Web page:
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Private Rented Team
Plymouth City Council
Plymouth PL1 2AA
The Housing Act 2004 (and guidance issued by the Department for Communities and Local Government DCLG) requires that all homes must be healthy and safe. This is assessed by the Housing Health and Safety Rating System (HHSRS). It applies to all housing whether rented or owner occupied, family homes or houses in multiple occupation.
Housing Health and Safety Rating System (HHSRS)
The system has been developed to assess all the 29 hazards that may be present in the home. These hazards can adversely affect the health and safety of occupiers and any visitors.
When major (category 1) hazards are identified the council has a duty to decide on the most satisfactory course of action. In most cases this will be that the owner removes or reduces the risk. Usually this will be by improvement, but in some cases it may be by restricting the occupancy of all or part of the house or even demolition.
For lesser (category 2) hazards the Council may choose to take action.
The Council has approved a Private Sector Housing Enforcement Policy; decisions will be taken in accordance with it problems (deficiencies) are identified and their health and safety effects considered. These effects can include any 'negative outcome' (ranging from a minor illness to death) that is likely to occur in the next year. We will produce a score for the hazard; this reflects both the likelihood and seriousness of the outcome. Each hazard is assessed independently; there is no overall score for the property. The higher the score the more serious the threat to health, safety and wellbeing of occupiers (or visitors), and the more likely that action will need to be taken. A score of 1000 or more is a category 1 hazard.
The assessment is based upon government guidance and worked examples. Further information on this is available from the Communities and Local Government website. Visit our Housing Health and Safety Rating System page for more details.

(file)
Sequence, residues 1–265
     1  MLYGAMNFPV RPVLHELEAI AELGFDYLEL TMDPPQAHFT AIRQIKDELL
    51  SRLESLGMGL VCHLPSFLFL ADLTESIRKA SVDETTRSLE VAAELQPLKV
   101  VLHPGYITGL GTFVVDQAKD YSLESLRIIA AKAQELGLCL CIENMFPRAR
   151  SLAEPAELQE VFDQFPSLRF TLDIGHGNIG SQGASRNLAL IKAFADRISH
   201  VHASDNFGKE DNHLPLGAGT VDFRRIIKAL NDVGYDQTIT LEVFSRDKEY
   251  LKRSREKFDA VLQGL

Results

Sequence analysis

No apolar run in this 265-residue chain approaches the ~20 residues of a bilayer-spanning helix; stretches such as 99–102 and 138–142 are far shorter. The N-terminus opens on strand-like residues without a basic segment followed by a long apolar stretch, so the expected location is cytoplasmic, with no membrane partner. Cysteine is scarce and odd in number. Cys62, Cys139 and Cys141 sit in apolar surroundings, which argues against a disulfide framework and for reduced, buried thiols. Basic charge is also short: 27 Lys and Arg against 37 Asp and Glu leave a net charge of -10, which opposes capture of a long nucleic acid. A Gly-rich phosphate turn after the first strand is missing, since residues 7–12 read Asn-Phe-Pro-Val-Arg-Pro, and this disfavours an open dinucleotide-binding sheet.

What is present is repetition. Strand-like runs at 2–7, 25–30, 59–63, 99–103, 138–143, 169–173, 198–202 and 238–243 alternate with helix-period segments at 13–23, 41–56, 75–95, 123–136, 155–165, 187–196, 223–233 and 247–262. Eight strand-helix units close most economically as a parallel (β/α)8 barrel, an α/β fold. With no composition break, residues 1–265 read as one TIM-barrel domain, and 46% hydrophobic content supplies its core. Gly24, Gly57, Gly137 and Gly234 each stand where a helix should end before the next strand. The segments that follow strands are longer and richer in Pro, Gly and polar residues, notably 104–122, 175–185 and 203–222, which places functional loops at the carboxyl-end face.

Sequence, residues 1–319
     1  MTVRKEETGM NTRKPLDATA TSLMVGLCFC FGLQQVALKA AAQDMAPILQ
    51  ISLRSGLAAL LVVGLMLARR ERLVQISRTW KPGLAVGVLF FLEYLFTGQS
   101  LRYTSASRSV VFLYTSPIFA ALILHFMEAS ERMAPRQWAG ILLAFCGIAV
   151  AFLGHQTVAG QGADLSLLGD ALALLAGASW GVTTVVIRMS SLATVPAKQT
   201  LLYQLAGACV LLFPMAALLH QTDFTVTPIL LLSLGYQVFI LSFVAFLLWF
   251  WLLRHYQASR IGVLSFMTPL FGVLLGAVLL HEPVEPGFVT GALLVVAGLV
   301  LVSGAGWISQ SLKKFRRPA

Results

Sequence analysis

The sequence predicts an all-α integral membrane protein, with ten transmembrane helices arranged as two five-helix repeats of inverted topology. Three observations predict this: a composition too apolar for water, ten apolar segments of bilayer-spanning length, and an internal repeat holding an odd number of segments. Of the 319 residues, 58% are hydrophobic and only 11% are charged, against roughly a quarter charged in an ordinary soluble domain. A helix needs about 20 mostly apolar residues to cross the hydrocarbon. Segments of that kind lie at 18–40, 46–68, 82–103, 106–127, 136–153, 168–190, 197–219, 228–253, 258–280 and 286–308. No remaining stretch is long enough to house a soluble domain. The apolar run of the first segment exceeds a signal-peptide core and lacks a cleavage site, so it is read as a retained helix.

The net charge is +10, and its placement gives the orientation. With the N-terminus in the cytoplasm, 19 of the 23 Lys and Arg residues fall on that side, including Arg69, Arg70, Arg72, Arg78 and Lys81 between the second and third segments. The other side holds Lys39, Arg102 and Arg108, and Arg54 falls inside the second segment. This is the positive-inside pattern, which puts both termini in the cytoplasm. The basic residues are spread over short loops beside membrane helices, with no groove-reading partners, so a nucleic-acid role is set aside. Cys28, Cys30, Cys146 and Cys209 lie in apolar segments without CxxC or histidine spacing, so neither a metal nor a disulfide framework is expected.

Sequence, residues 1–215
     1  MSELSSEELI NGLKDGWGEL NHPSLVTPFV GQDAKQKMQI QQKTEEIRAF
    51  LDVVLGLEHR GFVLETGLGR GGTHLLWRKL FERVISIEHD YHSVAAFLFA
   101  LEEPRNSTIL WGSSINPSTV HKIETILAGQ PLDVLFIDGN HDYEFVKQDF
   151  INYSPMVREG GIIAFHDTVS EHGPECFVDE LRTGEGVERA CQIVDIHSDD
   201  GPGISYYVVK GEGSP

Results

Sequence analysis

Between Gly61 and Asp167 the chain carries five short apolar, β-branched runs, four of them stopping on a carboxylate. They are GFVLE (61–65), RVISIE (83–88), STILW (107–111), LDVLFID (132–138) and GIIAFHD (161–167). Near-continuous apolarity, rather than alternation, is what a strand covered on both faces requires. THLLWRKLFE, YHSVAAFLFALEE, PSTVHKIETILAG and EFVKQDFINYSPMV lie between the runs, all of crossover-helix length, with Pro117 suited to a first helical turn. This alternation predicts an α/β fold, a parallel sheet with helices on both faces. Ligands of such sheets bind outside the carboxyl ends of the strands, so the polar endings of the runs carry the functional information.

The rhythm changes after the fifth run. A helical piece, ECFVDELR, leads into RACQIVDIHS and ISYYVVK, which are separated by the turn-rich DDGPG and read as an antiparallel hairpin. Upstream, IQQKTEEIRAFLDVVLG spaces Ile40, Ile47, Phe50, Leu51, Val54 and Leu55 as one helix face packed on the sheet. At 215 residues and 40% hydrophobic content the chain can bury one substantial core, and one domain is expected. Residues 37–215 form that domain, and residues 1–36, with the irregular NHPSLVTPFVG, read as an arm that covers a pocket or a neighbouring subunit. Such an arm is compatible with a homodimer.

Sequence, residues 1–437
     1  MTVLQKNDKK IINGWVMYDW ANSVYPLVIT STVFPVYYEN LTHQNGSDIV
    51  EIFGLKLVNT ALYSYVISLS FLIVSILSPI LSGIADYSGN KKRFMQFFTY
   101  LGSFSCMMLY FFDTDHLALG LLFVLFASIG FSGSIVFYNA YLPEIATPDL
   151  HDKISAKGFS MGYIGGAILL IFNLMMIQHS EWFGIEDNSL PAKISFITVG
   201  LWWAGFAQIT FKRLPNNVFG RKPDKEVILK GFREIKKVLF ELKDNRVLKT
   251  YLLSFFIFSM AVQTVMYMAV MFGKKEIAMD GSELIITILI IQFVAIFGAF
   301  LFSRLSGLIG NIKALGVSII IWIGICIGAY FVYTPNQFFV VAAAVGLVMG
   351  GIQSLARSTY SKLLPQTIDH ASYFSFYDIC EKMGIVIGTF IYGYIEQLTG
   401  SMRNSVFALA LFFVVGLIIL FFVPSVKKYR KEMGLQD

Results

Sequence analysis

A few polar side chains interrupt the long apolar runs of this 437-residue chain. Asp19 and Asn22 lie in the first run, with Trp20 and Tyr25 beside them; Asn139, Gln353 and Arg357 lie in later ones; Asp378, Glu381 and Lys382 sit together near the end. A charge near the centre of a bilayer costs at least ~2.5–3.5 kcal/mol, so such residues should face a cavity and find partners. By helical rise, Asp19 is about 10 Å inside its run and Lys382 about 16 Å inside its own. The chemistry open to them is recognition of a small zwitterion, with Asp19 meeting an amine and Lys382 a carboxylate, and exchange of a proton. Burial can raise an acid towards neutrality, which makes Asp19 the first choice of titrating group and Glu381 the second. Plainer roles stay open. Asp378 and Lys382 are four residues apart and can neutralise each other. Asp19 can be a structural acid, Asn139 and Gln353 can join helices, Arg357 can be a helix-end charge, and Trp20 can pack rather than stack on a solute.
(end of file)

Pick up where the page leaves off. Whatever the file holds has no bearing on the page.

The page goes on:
How is this different from the old 'fitness standard'?
The noticeable differences from the old system to the new are as follows:
- It targets those housing deficiencies that have a real impact on people's health
- Health and safety issues are now considered (for example, trips and falls)
- Heating is required to be adequate (instead of the previous standard of a fixed heater in main habitable room)
- 40,000 people die from cold every year, and the inability to efficiently heat their homes is a major contribution to this death toll
- Fire safety applies to all housing
- Radon, asbestos, security and other matters are now included
The 29 hazards
- Damp and mould growth
- Excess cold
- Excess heat
- Asbestos (and man made fibres)
- Biocides (for example insecticides)
- Carbon monoxide and fuel
- Combustion products
- Uncombusted fuel gas
- Volatile organic compounds
- Crowding and space
- Entry by intruders
- Domestic hygiene, pests and refuse
- Food safety
- Personal hygiene, sanitation and drainage
- Water supply for domestic purposes
- Falls associated with baths, etc.
- Falls on the level
- Falls associated with stairs and steps
- Falls between levels
- Electrical hazards
- Flames, hot surfaces etc.
- Collision and entrapment
- Position and operability of amenities etc (ease of use of facilities)
- Structural collapse and falling elements
The decency standard is a minimum, 'non statutory' standard set by the Government. Councils have the target of ensuring that 70 per cent of private sector vulnerable households live in decent homes by 2010.
The four criteria the property must meet to be 'decent' are:
- There are no category 1 hazards under HHSRS
- It is in a reasonable state of repair
- It has reasonably modern facilities and services
- It provides a reasonable degree of thermal comfort
Vulnerable households have been defined for the purposes of decency as those in receipt of principle means tested or disability related benefit(s).
For further information on the Decency Standard contact the Private Rented Team.